This Research & Knowledge Exchange Doctoral Project brief summarises our priority areas of research interest under the heading of: ENVIRO/PHOTO.
We welcome all research degree applications aligned with and in response to this brief.
Project brief details
The climate crisis is affecting millions of people around the world today. And threatening millions more in the very near future. It is often said that photographs have changed the world. Might photography also have the power to save it?
‘In times of universal deceit, telling the truth is a revolutionary act’. Top photographers are using their talents to draw attention to the beauty and tragedy in nature and to the real challenges our environment faces. Photography clearly has a role to play in engaging the pressing issues of our time, but perhaps photography itself is ultimately unsustainable? Can photographic practice reconcile itself and reinvent, meeting the needs of life on a warming planet?
Photographers, journalists, communicators and content creators around the world must better explain the causes of climate change, investigate those responsible for environmental harm and bring them to account, and tell the stories of those living with its effects, while presenting solutions. How serious this all gets now depends on how quickly society transforms. And how quickly society transforms depends on how many people demand it.
Your stories, your skills, and your research insights have the power to awaken people to the seriousness of this situation, to the fact, to the reality, and to demand the change that our world now needs. The more we demand change the faster change will come, and the bigger that change can be.
The climate emergency is a crisis of overwhelming proportions. It is a crisis of political will, a crisis of business, a crisis of biodiversity, a crisis of society, a crisis of thought itself. Perhaps the role of the arts in all this has been overstated, perhaps it is expecting too much? But, we must stand up. And we need imagination. To have change we need to imagine the kind of change we want.
Can your research be part of an urgent and new conversation? Do you want to engage in meaningful and transformative ways with the most pressing ecological questions of our time?
We are looking to connect with those who have photographic research interests in all manner of ecological and cultural contexts, from rural areas to ocean habitats, from activism to scientific communication. We actively encourage research applications from post-graduate students with diverse backgrounds. We are interested both in process and outcome: in how images are made, and in how they are used, and abused.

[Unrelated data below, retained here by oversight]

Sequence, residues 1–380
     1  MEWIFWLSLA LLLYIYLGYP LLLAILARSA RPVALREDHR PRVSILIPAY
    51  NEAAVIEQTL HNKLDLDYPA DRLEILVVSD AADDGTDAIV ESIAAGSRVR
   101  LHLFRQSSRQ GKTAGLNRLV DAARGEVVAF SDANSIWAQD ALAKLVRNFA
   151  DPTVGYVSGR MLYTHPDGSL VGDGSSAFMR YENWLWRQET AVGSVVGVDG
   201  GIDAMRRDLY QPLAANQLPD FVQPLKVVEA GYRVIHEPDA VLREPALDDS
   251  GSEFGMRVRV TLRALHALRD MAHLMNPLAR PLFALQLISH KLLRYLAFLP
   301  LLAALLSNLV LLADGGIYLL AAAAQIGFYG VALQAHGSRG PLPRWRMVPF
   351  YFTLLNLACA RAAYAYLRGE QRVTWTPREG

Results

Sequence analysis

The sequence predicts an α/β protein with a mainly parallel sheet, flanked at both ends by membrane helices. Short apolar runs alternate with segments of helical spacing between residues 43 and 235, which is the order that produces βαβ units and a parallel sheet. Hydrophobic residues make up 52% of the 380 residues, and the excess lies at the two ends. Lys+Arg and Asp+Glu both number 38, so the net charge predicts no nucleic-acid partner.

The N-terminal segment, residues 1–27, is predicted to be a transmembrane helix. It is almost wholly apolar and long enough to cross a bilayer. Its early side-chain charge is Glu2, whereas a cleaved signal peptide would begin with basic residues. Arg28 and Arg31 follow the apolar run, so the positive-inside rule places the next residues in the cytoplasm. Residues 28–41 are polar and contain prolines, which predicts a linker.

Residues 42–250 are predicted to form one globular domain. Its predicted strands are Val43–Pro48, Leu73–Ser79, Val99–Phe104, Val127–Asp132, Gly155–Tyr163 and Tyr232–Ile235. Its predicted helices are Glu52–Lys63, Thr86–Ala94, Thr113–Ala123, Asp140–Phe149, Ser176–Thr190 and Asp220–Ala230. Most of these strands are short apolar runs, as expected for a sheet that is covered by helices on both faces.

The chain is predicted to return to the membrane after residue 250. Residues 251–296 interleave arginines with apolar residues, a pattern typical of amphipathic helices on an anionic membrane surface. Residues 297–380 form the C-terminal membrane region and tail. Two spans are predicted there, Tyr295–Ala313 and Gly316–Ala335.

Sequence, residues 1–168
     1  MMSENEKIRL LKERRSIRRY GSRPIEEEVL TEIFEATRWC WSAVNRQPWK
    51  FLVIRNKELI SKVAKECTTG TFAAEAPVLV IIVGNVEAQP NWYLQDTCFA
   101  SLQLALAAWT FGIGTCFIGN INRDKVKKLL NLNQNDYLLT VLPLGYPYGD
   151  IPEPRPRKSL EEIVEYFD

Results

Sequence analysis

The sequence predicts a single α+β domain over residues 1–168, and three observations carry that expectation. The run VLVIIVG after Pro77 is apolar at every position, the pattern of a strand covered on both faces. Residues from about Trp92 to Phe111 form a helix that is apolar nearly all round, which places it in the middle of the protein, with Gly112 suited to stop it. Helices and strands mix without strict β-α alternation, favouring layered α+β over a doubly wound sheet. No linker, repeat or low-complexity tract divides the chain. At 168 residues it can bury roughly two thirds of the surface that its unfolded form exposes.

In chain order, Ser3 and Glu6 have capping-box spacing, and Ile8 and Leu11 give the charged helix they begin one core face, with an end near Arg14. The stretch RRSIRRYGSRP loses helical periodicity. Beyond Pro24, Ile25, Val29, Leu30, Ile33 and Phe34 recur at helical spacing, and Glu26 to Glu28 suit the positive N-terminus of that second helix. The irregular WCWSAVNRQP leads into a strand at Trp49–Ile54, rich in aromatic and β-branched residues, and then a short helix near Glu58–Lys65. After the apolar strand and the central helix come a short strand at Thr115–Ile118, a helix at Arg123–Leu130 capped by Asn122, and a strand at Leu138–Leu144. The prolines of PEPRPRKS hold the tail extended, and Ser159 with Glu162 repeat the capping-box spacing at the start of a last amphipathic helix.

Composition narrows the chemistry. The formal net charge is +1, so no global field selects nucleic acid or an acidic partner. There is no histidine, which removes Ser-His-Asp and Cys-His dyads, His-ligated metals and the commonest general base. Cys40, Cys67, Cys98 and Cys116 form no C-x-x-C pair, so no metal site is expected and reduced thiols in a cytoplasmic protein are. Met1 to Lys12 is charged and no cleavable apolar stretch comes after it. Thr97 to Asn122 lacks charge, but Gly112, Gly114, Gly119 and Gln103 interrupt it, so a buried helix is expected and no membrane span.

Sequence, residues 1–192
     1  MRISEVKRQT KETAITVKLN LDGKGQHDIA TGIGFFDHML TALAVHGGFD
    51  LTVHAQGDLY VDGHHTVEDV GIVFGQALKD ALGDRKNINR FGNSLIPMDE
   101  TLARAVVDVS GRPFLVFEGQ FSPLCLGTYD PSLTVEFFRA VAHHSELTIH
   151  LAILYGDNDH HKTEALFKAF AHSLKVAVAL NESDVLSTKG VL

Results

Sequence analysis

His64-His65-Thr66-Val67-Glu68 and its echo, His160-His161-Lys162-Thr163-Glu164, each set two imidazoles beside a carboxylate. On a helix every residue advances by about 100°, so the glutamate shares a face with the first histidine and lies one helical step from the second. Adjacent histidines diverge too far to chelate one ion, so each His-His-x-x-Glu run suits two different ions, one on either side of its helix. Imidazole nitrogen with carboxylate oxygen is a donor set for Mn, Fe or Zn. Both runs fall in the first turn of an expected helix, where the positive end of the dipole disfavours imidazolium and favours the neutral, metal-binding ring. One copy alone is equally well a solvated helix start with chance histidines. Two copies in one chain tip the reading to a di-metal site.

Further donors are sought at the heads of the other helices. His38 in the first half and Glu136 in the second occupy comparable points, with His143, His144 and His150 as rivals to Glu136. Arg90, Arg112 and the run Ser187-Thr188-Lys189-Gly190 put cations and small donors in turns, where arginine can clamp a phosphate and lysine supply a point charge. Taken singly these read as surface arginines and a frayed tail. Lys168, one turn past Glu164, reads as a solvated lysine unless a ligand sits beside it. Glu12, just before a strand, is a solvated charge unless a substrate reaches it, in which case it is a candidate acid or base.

Based within Falmouth’s Institute of Photography, but working with partners locally and globally, you will undertake profile-raising, practice-based research, embedded within a critically engaged and ethical framework.
- How can the photographic industry become more sustainable?
- How can we better understand the impact and influence of photographs?
- How can photography be a force for good in the Anthropocene?
- How best to report the climate crisis?
- How can creative practice empower and amplify the voices of indigenous peoples?
- How can creative practice improve the futures of non-human animals?
- How can creative practice support activism?
- How can creative practice enable positive behavioural change?
- How can photography re-invent itself to better meet the needs of a planet in crisis?
- Can your research and contemporary creative practice make interventions in a wide range of environmental issues and extend the ways in which photography and the natural world is understood?
- Can your research engage with live projects, with potential partners working in environmental, health, youth, justice, and community areas of interest?
- Can your research extend your photographic vision to create powerful stories that resonate with your audience and transcend disciplinary boundaries?
- Can your research help the visual arts overcome the cultural barriers that exist between public attention and environmental science?
Bring your best ideas. The brief is broad, but the urgency is very real. Can your PhD research play a part in this call for a better future?
Projects deriving from this brief are expected to sit within the Research & Knowledge Exchange strategy and the following department.
|Institute of Photography
All successful research degree project proposals must emphasise a clear alignment between the project idea and our Research & Knowledge Exchange strategy.
Project brief lead
Project Brief Supervisor: Associate Professor Huw Lewis-Jones
Dr Huw Lewis-Jones is an environmental historian and expedition leader. Huw is a storyteller and seafarer, a field naturalist and wilderness guide, an award-winning author and teacher. He has a PhD from the University of Cambridge, directs research projects across the world, and leads voyages to challenging places. He is a creative adventurer and conservation advocate, exploring new ways of thinking.Find out more
How to apply
Project brief & project proposal enquiries
To discuss this project brief, ideas or project proposal responding to this brief, please contact: Associate Professor Huw Lewis-Jones.